Animal Collective Start Interactive Site

 

Say the term “Transverse Temporal Gyrus” ten times
real fast and it’ll be yours!

 

In March 2010, Animal Collective
and visual artist Danny Perez (director of Oddsac, and the videos:
“Summertime Clothes”, “Who Could Win A Rabbit” &
“You Can Count On Me”) put on a multimedia installation
called “Transverse Temporal Gyrus” at the Guggenheim Museum
in New York City. To expand the reach of the installation Animal Collective
released an exclusive 12inch (Domino) over the weekend for Record Store Day
2012 featuring audio from the installation and this week launched an
interactive website (ttg.myanimalhome.net) to bring the unique
and immersive “Transverse Temporal Gyrus” experience to anyone with
an internet connection.  

 

Danny Perez explains, “The
website allows people an opportunity to experience “Transverse Temporal
Gyrus” in a unique way. Just as the installation refashioned what a
traditional performance and environment would be, the website reformats these
materials again into something new. Video, audio, and images from that one
evening provide a unique perspective to both people who were there and those
that weren’t.” 

 

The audio for the
installation was made of individual sounds and songs created by each member
Animal Collective.  Over the course of two, three-hour performances, the
basic tracks were fed into a computer program designed by Stephan Moore that
randomized the track order, and sometimes randomly combined stems from one
track with stems from another.  The program panned the music in various
directions around a 36 channel surround sound system that ran through 36
speakers set up from the top of the Guggenheim’s ramp to the bottom. The
‘”Transverse Temporal Gyrus” website features a free
downloadable  audio player (for both Mac and PC) that recreates the
computer program designed for the Guggenheim installation over 2 stereo
channels.  This will give listeners a new and unique collage each time the
program is run. 

 

Stephan Moore describes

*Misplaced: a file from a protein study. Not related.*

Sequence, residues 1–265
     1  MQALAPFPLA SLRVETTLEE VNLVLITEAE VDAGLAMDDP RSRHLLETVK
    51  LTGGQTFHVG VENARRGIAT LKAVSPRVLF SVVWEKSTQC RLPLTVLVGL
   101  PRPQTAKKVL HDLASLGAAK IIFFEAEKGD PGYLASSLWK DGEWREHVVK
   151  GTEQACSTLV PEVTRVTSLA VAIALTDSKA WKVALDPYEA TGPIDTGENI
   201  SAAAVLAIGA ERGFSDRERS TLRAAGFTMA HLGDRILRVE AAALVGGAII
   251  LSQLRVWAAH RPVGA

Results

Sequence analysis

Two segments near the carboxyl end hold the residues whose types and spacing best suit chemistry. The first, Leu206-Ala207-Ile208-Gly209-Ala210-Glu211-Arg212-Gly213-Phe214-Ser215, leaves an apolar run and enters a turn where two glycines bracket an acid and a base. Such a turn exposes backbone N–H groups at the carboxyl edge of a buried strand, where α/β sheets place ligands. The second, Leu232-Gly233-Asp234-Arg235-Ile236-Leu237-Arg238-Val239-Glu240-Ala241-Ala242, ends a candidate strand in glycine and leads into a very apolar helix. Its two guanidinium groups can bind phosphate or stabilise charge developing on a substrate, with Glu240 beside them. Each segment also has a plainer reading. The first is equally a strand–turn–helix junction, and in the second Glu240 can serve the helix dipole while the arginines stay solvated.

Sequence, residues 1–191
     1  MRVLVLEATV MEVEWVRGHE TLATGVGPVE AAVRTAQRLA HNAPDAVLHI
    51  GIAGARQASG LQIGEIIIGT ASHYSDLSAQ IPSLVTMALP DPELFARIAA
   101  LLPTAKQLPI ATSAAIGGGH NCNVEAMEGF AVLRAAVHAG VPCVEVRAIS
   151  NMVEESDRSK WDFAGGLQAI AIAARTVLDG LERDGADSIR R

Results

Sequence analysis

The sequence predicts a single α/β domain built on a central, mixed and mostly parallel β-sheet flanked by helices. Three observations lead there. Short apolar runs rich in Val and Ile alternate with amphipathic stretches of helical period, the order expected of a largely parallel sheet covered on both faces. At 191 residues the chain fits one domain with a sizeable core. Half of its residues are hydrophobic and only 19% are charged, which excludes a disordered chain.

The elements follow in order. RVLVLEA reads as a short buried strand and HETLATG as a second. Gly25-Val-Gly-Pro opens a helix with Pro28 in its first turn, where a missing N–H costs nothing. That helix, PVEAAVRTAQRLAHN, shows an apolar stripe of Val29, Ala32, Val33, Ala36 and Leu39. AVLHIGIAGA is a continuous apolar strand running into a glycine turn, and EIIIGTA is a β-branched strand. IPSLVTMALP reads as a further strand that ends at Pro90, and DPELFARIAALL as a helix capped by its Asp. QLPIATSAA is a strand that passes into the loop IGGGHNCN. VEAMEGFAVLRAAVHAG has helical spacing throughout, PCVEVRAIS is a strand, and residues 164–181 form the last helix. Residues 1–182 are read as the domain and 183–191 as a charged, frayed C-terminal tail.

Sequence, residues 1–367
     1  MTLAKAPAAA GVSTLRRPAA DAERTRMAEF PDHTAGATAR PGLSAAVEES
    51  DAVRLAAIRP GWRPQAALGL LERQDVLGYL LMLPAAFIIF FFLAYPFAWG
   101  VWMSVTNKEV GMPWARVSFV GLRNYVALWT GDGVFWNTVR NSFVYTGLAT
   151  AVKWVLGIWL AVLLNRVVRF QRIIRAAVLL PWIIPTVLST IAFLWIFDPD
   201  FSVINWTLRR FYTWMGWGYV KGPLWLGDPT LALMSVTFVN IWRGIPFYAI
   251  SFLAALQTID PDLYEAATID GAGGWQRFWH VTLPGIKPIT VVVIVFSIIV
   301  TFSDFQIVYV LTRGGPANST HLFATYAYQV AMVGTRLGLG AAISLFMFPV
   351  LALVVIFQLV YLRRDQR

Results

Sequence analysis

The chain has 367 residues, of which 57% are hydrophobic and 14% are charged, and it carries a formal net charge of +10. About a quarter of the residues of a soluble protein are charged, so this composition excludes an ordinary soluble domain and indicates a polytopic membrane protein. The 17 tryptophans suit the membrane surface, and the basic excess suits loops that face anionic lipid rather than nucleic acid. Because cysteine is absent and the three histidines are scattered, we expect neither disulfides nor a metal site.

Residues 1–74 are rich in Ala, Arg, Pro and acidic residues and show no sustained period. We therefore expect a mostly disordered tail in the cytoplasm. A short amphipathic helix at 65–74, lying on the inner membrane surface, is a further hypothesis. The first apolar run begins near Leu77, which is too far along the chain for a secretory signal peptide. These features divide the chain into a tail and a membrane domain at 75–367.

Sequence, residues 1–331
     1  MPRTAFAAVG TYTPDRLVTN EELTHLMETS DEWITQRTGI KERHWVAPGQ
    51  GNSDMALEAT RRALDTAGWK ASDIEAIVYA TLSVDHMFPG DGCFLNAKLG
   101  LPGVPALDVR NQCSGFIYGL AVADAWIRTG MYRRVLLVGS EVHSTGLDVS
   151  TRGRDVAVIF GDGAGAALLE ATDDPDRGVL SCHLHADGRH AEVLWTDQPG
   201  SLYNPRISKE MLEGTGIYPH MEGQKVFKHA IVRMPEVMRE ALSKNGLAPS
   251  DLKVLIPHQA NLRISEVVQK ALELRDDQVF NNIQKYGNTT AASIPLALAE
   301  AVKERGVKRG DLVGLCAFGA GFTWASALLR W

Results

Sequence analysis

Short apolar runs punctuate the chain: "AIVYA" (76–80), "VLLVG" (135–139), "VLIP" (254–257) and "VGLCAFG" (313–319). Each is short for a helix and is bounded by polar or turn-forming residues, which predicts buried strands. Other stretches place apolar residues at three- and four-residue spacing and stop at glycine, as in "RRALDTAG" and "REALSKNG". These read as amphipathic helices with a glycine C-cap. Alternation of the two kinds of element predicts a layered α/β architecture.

the sound design and programming:

 

“The sound score and
installation for “Transverse Temporal Gyrus” was spontaneously
re-created at each performance by rearranging dozens of recorded sounds and
flying them around the Guggenheim
Museum space according to
a set of complex rules.  A graphical representation of the entire
automated decision-making process (the actual computer code written in MaxMSP)
makes up the poster image that accompanies the 12inch release, and the complete
software itself is now available to download as share-alike open-source.
 I wanted to share the software as much for its visual interest as for the
procedural information in the code – I love the way MaxMSP looks. The TTG code
was written very quickly over a three-day period, and much of the haste and
fever of my marathon coding sessions has been preserved in the tangle of patch
cords, idiosyncratic syntax, and quasi-organic piles of code objects.
 Hopefully, the opportunity to explore the underlying software through
these various media, and the ability to reproduce a version of the original
installation at home using the stereo player application, provides some
perspective and insight into the full potential of the overall work.”

 

Both the 12inch record
and corresponding website aim to bring the “Transverse Temporal
Gyrus” experience to a wider audience, both in their own totally unique
ways. Noted the band’s Geologist, “One of the best things about doing
“Transverse Temporal Gyrus” with Danny was the opportunity to give
the audience at the Guggenheim a unique experience that could never be
recreated.  The only disappointment was the inability to share it with
more people, and this website finally allows us do that in some way, while
ensuring that every individual experience will still remain just as singular
and unique.”

 

 

 

 

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